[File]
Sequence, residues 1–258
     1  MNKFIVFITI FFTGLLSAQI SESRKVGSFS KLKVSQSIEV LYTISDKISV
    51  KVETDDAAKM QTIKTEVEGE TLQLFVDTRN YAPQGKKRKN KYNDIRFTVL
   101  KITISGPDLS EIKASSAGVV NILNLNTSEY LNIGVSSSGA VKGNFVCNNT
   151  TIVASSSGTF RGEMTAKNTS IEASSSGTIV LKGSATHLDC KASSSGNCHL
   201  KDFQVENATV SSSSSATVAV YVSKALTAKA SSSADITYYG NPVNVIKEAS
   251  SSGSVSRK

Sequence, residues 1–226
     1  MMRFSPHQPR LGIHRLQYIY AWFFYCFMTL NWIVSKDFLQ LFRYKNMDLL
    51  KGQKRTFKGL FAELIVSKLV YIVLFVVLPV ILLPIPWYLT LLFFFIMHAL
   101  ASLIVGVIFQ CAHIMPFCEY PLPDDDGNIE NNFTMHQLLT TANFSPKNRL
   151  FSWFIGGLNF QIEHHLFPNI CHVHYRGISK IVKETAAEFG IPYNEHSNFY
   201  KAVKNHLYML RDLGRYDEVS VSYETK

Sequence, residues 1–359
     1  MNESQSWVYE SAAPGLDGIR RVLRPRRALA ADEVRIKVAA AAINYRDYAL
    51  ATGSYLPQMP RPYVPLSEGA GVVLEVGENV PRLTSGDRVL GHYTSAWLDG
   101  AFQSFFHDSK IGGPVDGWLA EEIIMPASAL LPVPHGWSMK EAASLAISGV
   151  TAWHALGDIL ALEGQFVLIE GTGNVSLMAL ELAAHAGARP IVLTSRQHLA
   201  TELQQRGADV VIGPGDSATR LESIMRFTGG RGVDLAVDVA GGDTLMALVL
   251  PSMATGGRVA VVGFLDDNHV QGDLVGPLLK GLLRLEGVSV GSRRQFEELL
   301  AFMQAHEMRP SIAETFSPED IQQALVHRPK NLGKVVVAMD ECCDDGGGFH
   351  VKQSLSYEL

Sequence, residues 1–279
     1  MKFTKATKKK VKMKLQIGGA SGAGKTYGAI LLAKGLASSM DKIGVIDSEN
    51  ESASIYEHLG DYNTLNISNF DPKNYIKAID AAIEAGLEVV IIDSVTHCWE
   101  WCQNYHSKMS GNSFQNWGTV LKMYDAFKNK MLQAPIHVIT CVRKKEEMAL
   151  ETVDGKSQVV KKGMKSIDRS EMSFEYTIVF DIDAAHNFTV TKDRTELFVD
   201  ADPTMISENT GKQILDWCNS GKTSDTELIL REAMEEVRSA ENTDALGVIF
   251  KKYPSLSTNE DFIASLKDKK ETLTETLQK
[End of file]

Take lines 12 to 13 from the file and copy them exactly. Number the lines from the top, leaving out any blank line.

   151  FSWFIGGLNF QIEHHLFPNI CHVHYRGISK IVKETAAEFG IPYNEHSNFY
   201  KAVKNHLYML RDLGRYDEVS VSYETK